Comfort Hotel Adelaide Morangis
81, rue Lavoisier
Morangis, 91 420
Phone: (33) 1 69090245
Fax: (33) 1 69090945
Arts & Museums
The French museum of photography, located in Bièvres in Essonne, possesses a collection of 25,000 objects, over one million photographs and a very rich library. It was created in 1964 by Jean and André Fage, photography lovers, and it presents the largest collection in Europe. Numerous pieces of equipment are exposed: dark rooms of the 18th Century, and the first cameras as well as today s numeric cameras. The museum website is digitizing a part of its collection: you can zoom in on the pictures, look at negatives, as well as cameras and books from the library.
MAC/VAL is the Museum of Contemporary Art of Val de Seine located in a close Parisian suburb. Inaugurated in 2005, its goal is to present French artistic creation from the 1950s up to today. Famous pieces of art can be seen as well as more recent ones. In all, more than 1000 works of art are exhibited in a building of 13,000 square meters (139 square feet). Moreover, there is an amphitheater dedicated to conferences, artists speeches, festivals and showing of films about movies history. You can also have a walk in a 10,000 square meter (107 square feet)garden in which works of art are exhibited. The MAC/VAL s permanent collection includes artists such as Annette Messager and César.
L'Exploradome provides a great opportunity for children to learn about art and science. Through interactive exhibits, the young ones will learn about our technological and natural worlds. Many of the exhibitions are informative enough that even the adults will probably learn something.
The Maison Armande Béjart is the oldest house in Meudon which has not fallen into ruins, and was purchased in 1676 by Béjart, who was an actress in the theater and Molière's widow. Today, however, it holds the Musée d'art et d'histoire (Art & History Museum) and its permanent collection with a dual focus: art from the 20th Century and the history specific to Meudon and its inhabitants. It also hosts temporary exhibits, shows (including works by Molière), and conferences, often in the lovely courtyard and garden.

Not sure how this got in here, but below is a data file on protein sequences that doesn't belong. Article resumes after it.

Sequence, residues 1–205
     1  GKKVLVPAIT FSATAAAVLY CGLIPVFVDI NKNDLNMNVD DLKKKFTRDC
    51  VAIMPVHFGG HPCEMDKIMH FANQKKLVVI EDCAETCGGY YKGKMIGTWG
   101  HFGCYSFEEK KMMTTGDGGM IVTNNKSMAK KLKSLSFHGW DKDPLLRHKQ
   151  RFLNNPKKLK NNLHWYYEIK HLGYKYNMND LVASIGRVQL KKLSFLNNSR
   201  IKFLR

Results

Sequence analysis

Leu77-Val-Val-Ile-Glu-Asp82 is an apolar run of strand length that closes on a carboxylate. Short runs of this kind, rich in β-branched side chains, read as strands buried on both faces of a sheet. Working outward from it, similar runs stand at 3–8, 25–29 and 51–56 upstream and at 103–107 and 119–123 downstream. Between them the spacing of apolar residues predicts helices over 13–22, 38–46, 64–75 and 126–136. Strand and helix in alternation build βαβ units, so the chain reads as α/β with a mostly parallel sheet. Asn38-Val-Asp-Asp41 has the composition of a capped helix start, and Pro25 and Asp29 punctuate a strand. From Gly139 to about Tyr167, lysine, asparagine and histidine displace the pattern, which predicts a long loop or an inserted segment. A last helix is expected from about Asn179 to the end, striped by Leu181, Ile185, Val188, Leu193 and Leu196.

Fragonard Museum takes you into a world of perfumes, and gives you an insight into the history of scents and fragrances. The museum conducts guided tours in which visitors learn about the craft of scent making, and get to see pictures of the same. There are also actual antique perfume bottles displayed here, in addition to other scent-related memorabilia. Visitors can enjoy a few of its interactive games, including a perfume smelling test. There is also a retail store from where you can pick up a few of your favorite fragrances.
The Fragonard museum is one of the oldest museums of France: created in 1766, it is part of the veterinary school. It possesses a unique collection of bodies and body parts, exhibited for the sake of human and animal anatomical studies, among which is a collection of freak animals, of diseased body parts, as well as of parasites – some of them were discovered at that time. The central piece of the museum is the "Écorchés by Fragonard," a collection prepared between 1766 and 1772 following the "natural anatomy" method consisting of body preservation in alcohol or by desiccation. Fragonard made some pieces for pedagogical purposes and some others for the sake of art: very impressive!